It’s fitting that “International Day of the World’s Indigenous Peoples” (Aug. 9) falls squarely in the middle of “National Coffee Month” (August). Nearly all our coffees come from indigenous communities around the world. The contributions of indigenous peoples to specialty coffee are exceptional, and we would have little to offer our customers without the hard work of people like the Ixil in the Guatemalan Highlands or the Gayo in the mountains of Banda Aceh, Sumatra, Indonesia. It seems that these people- who continue to work to protect their languages and cultures – are often forgotten by the rest of the world- their ancient histories lost in the modern melting pot of international business. We encourage you to take today and every day to learn more about the rich and vibrant indigenous communities of the world. Many of these people spend their entire lives on the front lines of environmental stewardship and social justice- tending to organic plots of land or standing in solidarity with their marginalized friends, colleagues and neighbors.
Ethan Ryan, our roaster extraordinaire, traveled to Guatemala for the first time in May to meet producer partners at the APECAFORM cooperative, learn about coffee harvesting and exporting, and generally polish up on his Spanish. It was his first time abroad. And his first time at coffee origin.
Coffee training is such a vital part of a coffee shop’s success that many shop-owners send their staff to get trained. Our own Hannah Mercer is teaching coffee classes this week at Barista Camp- an annual training session for new baristas. It is organized by the Barista Guild of America and the Specialty Coffee Association.
Before she left, Hannah listed her top 5 reasons coffee shop owners should train their baristas.
Hannah Mercer, our sales, customer service and training representative, is pictured here (center) with school children in La Nueva Colonia, a community located deep in the coffee-producing highlands of the Cordillera Central mountains of Colombia- home to Fondo Paez.
In Spanish the word “Esperanza” means hope, so it is fitting that one of fair trade coffee’s most hopeful protagonists would be named Esperanza. Esperanza Dionisio Castillo leads Peru’s CAC Pangoa cooperative, a farmer-owned enterprise of some 700 campesinos headquartered east of the Andes mountains.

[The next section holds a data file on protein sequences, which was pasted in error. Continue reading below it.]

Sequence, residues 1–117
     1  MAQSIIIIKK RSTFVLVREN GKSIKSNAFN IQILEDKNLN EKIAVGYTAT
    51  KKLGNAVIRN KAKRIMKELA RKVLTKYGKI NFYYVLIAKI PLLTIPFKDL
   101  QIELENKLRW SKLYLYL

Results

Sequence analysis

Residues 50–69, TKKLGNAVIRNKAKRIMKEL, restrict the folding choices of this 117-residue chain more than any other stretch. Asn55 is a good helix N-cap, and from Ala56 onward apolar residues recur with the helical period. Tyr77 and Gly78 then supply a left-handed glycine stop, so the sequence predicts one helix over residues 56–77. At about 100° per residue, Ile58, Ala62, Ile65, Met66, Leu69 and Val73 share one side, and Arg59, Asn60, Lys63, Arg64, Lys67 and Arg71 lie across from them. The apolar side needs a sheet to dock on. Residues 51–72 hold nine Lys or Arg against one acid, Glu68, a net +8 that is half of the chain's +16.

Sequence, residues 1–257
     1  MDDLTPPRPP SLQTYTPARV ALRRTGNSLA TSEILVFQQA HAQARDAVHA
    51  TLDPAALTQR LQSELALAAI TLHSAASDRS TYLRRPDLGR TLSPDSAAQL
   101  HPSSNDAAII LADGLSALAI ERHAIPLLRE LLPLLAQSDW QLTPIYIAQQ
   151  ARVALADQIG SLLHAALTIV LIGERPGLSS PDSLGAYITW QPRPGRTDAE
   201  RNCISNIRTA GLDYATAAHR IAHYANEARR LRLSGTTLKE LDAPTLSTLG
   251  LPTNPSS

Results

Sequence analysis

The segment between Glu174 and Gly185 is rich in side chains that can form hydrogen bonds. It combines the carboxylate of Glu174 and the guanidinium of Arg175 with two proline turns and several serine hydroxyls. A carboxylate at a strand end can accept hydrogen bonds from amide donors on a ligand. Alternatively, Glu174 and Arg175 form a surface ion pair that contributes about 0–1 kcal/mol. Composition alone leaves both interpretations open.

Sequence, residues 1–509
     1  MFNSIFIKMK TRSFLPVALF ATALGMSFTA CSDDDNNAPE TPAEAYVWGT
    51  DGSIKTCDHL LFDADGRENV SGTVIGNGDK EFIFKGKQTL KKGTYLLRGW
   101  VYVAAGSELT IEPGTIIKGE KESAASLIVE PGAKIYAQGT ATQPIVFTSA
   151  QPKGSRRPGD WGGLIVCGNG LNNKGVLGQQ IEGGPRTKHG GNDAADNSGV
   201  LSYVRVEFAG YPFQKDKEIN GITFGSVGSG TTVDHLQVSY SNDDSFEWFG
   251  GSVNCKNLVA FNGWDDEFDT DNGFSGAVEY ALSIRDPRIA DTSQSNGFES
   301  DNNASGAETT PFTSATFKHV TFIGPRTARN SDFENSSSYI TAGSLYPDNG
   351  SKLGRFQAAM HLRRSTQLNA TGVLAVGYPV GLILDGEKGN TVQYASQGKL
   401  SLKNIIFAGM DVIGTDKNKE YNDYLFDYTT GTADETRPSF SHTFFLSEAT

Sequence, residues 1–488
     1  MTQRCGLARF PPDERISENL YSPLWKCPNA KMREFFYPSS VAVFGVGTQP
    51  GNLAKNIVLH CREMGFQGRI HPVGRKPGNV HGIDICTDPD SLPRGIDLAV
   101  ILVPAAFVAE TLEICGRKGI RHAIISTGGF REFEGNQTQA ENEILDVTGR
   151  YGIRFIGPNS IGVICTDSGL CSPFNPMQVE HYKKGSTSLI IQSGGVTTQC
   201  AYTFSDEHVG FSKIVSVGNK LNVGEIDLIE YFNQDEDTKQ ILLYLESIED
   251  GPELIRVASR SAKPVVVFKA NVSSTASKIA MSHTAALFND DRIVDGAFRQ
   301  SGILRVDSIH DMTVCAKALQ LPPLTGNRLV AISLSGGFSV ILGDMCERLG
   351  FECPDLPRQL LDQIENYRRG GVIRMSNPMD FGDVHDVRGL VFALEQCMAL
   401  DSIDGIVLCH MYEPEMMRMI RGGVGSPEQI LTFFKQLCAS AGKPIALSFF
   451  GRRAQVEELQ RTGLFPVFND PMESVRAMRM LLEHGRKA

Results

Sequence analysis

We are headed to a coffee farm named “Cual Bicicleta”, or “Which Bicycle”? I knew this wasn’t going to be a typical farm – actually nothing about Oscar Omar Alonzo Aguilar is typical! Oscar is a passionate soil advocate – his farm is an incredible living testament to the organic farmer’s mantra “Feed the soil.. let the soil feed the plant”. Take a few minutes to read Monika’s blog post chronicling her eye-opening visit to Oscar’s farm. We loved any opportunity to connect coffee and bicycling.. but didn’t expect to run across this connection in Honduras!
Cafe Campesino launched its first Birding and Coffee Tour of Guatemala in February 2014, visiting three regions in nine days, including Chajul (and its environs) in the Guatemalan Highlands where we source coffee. We logged more than 100 species of birds on the trip, visiting Antigua, near Guatemala City, Chajul, in the Quiche department, and […]
Richland Distilling Company is located in Richland, GA. The owners Erik and Karin Vonk and master distiller Jay McCain are helping put Richland on the map by making authentic, quality products. Garden and Gun calls Richland Rum “the smooth amber liquid that had brought new life to this town.” It is a family-owned business and makes Richland Rum exclusively.
We believe White Oak Pastures is a gem in Southwest Georgia. Primarily a livestock farm and processing facility, White Oak Pastures stands out nationally for its sustainable farming practices and commitment to land stewardship, animal husbandry, and organics. Plus, the folks who work there are just so darn innovative, creative and committed to doing the right thing for their community, the land they live on and the animals that feed them.
These seven principles recognized by the United Nations help guide business practices at Cooperative Coffees and farmer’s coops around the world. Viva le co-op!
Roya or coffee “rust” is an orange fungus that grows on the leaves of coffee plants causing them to wither and fall off. We witnessed the effects in Guatemala.
Finding affordable financing is one of the greatest challenges facing small-scale coffee farmers. Like any business, farmer co-ops need access to capital until money starts coming in from their sales. Farmers need to make improvements to their land, investments in their crops and purchases that keep their families fed and children healthy.